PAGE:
Should You Develop an App?
12.19.2016 / Posted in Digital Marketing
In recent years, many of the companies that have approached us for strategy + implementation have wanted to know whether they should develop apps to help them market and sell their products and services.
By and large, the answer is no.
Sometimes, the answer is even “heck no.”
Let’s Talk about Development Expense
Quality app development requires a six-figure investment. Lower-cost development options won’t provide the necessary user experience to get people to download the apps and keep using them.
After all, apps need to be programmed well, consider your target user’s preferences and behaviors, provide them the experience and information they need to achieve their goals, and give you the ability to make updates and gather data and information easily.
Also, good app developers don’t put together programs that work only on one operating system; these days, apps need to work on Android and iPhone operating systems at a minimum. This means that you’re developing two apps to get one.
Cutting corners with app development often means you might as well not even get started. If people don’t download your app and use it, you may as well not have an app.
The App Stores
Speaking of app downloads: Once the app is done and developed? You’re not done yet.
Don’t forget that you also need to spend time and money to get your app into the app stores at Google and Apple after its developed and before you start marketing.
You don’t think Apple and Google just let you list whatever, do you? Nope—they review and test and assess and decide whether it’s a product they want to offer, just like brick-and-mortar stores look at countless items each year to determine which ones they want to put on the shelves.
You’ve Got to Market It
And you’re still not there yet. Investing in the app development and getting it into the stores was just the beginning.
After all this up-front work, you need to fund the marketing effort needed to launch the app and promote it as a product to get people to download it, try it, use it, and tell their friends about it.
As with anything, you can’t just build something and expect people to show up. People have limited space on their phones and in their brains for yet one more thing. They only download and use a few things—so your app had better be super helpful.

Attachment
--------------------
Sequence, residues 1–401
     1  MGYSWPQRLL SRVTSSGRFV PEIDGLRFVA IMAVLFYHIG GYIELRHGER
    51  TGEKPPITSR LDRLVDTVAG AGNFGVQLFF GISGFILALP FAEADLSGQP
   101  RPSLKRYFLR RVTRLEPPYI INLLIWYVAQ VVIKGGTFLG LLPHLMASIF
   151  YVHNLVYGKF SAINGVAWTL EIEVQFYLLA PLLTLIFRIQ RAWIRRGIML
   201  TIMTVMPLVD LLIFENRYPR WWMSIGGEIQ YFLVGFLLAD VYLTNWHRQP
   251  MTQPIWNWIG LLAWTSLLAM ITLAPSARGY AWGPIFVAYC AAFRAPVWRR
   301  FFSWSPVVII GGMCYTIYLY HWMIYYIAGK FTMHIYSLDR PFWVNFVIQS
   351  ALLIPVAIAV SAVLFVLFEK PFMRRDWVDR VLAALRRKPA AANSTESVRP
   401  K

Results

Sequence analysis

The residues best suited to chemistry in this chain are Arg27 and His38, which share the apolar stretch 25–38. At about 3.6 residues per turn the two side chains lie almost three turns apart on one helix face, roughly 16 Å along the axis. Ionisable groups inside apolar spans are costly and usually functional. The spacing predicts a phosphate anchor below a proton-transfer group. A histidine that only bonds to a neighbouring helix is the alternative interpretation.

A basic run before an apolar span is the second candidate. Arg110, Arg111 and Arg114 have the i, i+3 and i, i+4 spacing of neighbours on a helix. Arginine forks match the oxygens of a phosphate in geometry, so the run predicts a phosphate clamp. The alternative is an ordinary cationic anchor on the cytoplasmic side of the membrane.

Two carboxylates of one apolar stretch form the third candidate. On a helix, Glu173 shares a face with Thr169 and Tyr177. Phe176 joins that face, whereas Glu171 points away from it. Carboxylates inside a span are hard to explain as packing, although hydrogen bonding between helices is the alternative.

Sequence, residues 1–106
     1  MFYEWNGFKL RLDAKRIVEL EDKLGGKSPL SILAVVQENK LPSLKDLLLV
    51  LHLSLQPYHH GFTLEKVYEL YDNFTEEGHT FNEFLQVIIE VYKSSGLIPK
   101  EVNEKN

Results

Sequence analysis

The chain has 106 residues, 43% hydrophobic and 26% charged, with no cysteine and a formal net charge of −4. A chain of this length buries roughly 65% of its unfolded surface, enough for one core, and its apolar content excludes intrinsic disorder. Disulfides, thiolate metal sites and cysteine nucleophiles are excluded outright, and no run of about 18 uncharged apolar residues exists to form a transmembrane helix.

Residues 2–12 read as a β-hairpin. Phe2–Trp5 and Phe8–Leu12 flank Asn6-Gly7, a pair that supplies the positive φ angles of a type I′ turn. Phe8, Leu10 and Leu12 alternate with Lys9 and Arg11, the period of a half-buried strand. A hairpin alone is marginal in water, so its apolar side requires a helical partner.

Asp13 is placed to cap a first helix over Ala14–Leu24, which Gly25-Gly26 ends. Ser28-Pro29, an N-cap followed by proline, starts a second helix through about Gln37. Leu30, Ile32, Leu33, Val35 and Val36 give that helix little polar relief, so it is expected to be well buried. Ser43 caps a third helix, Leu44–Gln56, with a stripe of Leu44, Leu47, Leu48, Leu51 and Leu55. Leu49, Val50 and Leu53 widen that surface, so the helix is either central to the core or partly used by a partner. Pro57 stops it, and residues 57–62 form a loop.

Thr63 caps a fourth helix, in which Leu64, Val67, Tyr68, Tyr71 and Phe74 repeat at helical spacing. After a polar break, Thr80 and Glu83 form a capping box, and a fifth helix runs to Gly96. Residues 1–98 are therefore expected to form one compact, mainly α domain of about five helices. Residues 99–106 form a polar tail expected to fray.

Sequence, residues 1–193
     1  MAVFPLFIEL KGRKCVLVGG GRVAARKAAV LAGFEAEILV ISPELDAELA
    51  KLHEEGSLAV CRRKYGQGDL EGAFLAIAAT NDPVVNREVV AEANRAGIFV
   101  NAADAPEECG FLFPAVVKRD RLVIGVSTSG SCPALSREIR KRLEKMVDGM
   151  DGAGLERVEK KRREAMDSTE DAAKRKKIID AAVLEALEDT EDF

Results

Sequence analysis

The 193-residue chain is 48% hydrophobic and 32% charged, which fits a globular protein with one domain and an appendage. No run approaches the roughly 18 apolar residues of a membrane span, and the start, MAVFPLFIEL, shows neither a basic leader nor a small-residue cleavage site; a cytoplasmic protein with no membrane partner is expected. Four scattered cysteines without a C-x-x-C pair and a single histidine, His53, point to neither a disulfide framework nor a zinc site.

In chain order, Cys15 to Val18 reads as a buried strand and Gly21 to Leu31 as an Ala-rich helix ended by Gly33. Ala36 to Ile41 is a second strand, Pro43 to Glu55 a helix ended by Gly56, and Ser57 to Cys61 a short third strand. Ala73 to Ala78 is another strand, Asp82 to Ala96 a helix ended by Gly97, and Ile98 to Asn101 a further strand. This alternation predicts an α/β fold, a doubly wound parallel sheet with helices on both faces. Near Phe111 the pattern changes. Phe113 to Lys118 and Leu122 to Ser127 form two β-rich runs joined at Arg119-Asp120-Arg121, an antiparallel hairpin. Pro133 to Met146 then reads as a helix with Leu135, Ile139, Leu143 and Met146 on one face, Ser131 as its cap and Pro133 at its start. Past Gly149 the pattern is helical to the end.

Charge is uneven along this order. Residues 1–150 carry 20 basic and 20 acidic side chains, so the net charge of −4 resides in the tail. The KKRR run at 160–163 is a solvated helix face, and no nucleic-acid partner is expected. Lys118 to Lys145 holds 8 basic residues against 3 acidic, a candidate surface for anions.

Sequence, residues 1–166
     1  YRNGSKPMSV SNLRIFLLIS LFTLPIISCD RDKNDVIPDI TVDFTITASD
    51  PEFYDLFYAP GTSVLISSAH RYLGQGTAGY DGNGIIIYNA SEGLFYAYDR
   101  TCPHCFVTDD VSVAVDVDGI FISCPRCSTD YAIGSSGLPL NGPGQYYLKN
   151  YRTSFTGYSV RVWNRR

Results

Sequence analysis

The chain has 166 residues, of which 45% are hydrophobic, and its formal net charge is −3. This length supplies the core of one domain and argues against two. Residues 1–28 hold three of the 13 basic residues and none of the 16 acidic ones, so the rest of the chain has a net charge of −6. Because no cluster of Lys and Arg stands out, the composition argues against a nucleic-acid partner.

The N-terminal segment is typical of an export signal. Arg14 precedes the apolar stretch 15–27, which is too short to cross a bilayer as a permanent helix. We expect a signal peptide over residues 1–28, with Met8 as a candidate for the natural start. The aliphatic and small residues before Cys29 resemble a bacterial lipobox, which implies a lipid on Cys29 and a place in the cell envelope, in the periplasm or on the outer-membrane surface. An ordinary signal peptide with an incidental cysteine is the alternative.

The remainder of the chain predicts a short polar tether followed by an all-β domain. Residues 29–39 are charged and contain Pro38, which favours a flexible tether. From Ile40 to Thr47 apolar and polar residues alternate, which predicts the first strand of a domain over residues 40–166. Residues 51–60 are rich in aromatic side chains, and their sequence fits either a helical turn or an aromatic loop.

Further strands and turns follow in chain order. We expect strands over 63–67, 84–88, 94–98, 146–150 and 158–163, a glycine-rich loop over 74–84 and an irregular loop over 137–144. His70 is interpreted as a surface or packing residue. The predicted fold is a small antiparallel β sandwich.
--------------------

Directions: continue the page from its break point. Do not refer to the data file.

I mean, use yourself as a test case: How many apps do you download a week or a month? How many do you use regularly? How many have you deleted after finding them worthless or to free up needed space? Think you’re not the norm? Ask a friend or two about their app use.
It’s Just One Small Part of Your Marketing Mix
Only after all that work to develop and market the app can you use the app as an additional channel for marketing and selling your products and services.
Wait—you didn’t think an app would be all you needed in your marketing mix, did you?
So When Should You Develop and App?
Of course, there are times that app development makes sense. Let’s review a few, many of which overlap:
- You see the app itself as a new product offering. You will sell the app to users for a one-time download cost or a subscription fee. The information or functionality of the app is its value. (In other words, the app isn’t solely a channel through which to sell people other products and services.) You can generate a reasonable stand-alone revenue stream from app downloads and subscriptions.
- The data the app gathers from users can be resold to customers to help them develop and refine their products and services. In some cases, this data will be valuable to your company in helping it to develop and refine its products as well.
- You plan to build a large enough user base to make the app a platform upon which you can sell advertising to other companies or through which you can sell other companies’ products and services, generating your company an additional revenue stream or two.
What Should You Do Instead?
If this convinced you that app development doesn’t make sense for your business right now, it’s normal to wonder what you should do instead.
After all, people spend more time browsing on their phones than ever these days. You don’t want to miss the entire phone-audience category.
You’re in luck: You don’t have to miss out.
Use the apps already in existence as marketing channels. As you’ve just read, companies have spent fortunes on developing and promoting apps and building solid and engaged user bases. Just as we recommended above, they then use these apps as platforms on which they sell advertising and data to companies just like yours and through which they sell other companies’ products and services.
Research the apps out there that have your target audience as a user base. Look for apps in similar (but not competing) markets. Review personas to see if yours overlap enough with theirs. And don’t forget that social media are all apps: Facebook, Twitter, Pinterest, LinkedIn? Apps, all of them.
Lots of options, aren’t there? Need help vetting them? Contact FrogDog.
Image courtesy of Stuart Miles at FreeDigitalPhotos.net